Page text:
After being expelled from the Tennessee House of Representatives last week following a gun control protest, two Democratic lawmakers have been reinstated. Justin Jones was reinstated on Monday, and Justin Pearson on Wednesday, both by unanimous votes from the Shelby County Board of Commissioners. The expulsion vote occurred days after a school shooting in Nashville, with Republicans accusing the Democrats of bringing “disorder and dishonour” to the house. A third Democrat, Gloria Johnson, narrowly kept her seat in the House vote.
Mr. Pearson addressed the crowd after the vote, saying, “You can’t expel hope. You can’t expel justice. You can’t expel our voice. And you sure can’t expel our fight. We look forward to continuing to fight.” Between them, Mr. Jones and Mr. Pearson represent about 140,000 constituents in the state. The use of expulsion in Tennessee is rare, having only been used twice since the Civil War for lawmakers convicted of soliciting a bribe and sexual misconduct.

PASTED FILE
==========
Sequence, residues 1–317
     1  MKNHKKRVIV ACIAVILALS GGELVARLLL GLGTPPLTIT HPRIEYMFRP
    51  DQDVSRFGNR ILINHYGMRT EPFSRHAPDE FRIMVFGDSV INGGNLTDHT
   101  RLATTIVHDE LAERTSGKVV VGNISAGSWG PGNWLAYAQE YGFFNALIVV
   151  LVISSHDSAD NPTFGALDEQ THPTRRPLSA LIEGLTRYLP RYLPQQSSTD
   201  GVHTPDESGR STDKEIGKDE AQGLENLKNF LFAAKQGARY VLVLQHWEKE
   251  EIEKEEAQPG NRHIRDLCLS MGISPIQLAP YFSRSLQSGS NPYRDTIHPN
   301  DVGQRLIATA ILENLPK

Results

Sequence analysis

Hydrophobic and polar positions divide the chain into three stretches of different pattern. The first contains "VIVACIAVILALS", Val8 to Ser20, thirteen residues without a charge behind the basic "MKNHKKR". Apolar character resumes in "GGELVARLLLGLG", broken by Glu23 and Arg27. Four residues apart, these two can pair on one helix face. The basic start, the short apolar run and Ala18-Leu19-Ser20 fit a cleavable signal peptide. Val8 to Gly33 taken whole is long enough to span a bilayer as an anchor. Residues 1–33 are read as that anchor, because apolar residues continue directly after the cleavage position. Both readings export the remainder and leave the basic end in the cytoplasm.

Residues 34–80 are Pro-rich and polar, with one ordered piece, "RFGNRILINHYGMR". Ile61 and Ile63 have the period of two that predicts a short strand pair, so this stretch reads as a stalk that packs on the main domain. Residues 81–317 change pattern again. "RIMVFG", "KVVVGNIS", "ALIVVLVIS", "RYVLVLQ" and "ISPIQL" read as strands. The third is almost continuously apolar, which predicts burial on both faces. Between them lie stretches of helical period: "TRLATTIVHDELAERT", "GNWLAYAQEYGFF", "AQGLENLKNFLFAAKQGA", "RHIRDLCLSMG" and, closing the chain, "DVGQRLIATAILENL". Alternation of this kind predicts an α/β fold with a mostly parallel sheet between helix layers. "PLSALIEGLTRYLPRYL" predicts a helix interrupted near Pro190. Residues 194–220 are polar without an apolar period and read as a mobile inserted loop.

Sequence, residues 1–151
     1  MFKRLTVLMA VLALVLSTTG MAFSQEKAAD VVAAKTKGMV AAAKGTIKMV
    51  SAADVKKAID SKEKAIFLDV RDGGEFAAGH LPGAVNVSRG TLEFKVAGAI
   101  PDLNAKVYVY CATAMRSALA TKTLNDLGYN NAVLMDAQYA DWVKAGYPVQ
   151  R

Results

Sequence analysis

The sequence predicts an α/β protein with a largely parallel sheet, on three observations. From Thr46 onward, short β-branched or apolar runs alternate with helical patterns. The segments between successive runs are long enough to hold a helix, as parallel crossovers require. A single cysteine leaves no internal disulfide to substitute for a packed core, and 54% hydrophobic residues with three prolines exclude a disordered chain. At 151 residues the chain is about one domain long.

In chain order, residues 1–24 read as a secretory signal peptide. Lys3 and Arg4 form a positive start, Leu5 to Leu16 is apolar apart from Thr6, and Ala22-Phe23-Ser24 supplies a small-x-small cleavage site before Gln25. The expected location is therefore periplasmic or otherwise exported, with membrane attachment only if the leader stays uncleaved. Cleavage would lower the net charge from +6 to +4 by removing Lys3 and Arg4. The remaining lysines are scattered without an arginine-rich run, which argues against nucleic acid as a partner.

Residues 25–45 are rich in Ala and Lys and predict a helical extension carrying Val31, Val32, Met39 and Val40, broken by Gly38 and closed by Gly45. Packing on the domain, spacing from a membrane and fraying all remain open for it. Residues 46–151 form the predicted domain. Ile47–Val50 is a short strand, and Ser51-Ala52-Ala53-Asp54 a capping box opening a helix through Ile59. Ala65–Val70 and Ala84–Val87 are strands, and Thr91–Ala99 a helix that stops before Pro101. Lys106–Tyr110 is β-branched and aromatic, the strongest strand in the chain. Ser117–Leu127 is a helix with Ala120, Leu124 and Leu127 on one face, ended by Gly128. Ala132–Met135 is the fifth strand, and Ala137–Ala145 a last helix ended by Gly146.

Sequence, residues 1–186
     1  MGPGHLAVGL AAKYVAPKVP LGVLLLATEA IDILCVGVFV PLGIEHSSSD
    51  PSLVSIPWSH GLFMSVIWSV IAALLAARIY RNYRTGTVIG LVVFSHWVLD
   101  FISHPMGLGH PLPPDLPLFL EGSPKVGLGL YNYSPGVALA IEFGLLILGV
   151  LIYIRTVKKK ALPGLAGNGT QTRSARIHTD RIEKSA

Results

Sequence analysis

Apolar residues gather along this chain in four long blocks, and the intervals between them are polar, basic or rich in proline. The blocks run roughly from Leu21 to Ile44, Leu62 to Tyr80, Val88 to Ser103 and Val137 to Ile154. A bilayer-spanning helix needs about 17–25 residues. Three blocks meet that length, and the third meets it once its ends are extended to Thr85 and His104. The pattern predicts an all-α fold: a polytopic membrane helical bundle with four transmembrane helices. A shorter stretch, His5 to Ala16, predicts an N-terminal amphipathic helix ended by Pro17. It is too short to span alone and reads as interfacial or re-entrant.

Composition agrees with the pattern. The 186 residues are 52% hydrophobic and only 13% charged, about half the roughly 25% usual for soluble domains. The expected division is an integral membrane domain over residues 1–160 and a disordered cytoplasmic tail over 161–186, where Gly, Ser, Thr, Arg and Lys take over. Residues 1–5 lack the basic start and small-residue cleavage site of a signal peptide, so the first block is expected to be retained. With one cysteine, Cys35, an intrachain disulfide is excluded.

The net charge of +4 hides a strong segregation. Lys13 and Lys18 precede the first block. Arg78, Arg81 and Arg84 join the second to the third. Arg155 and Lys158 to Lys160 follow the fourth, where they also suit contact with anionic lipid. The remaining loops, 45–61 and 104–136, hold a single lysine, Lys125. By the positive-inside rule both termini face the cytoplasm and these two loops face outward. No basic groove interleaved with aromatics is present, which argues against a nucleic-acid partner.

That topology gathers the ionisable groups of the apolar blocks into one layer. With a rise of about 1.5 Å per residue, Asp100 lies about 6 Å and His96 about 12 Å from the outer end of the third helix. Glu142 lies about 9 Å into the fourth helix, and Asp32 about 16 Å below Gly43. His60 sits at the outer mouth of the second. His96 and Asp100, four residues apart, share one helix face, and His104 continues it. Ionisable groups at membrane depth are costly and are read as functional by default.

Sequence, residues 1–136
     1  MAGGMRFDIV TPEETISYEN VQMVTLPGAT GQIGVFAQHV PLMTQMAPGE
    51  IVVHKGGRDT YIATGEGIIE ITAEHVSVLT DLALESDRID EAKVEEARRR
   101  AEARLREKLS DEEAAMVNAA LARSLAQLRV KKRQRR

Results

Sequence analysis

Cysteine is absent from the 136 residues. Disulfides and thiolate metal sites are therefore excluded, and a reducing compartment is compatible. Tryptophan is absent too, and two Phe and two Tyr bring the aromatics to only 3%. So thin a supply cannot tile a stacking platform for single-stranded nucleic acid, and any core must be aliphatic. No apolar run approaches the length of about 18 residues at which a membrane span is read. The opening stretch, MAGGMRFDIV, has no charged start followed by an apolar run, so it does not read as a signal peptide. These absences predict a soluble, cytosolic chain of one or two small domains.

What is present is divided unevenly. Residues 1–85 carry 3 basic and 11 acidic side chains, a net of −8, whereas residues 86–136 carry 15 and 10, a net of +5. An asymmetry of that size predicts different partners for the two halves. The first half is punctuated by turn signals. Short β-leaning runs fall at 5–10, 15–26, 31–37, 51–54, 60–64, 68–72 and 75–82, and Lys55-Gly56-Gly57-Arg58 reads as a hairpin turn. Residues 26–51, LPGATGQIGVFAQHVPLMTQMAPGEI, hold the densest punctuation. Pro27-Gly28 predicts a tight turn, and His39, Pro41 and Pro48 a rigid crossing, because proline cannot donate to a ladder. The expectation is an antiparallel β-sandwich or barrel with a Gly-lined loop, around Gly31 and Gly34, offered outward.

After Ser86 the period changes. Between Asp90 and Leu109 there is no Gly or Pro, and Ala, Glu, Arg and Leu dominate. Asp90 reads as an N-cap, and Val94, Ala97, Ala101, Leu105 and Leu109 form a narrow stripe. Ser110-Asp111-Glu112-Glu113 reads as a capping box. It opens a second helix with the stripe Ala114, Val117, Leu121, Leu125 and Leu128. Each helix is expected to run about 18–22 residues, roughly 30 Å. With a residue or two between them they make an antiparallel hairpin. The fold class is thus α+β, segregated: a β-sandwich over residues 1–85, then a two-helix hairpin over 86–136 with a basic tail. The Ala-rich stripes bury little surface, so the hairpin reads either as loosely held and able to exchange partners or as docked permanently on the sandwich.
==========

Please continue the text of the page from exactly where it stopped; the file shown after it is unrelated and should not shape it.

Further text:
During the council meeting on Monday, Nashville Mayor John Cooper spoke on Mr. Jones’ behalf, calling the expulsion vote “unprecedented” and asking the council to give the district their voice back. Several constituents have expressed feeling disenfranchised by the vote to oust the pair, who are known as “The Justins.” Republicans claimed that Ms. Johnson, who also protested but kept her seat, played a smaller role and did not use a megaphone.
This development in Tennessee has generated considerable attention, with many watching to see what comes next. The decision to reinstate both lawmakers may be seen as a victory for those supporting gun control measures in Tennessee. The Justins’ expulsion was controversial, and the reinstatement may rekindle the conversation around gun control and the role of peaceful protests in effecting change.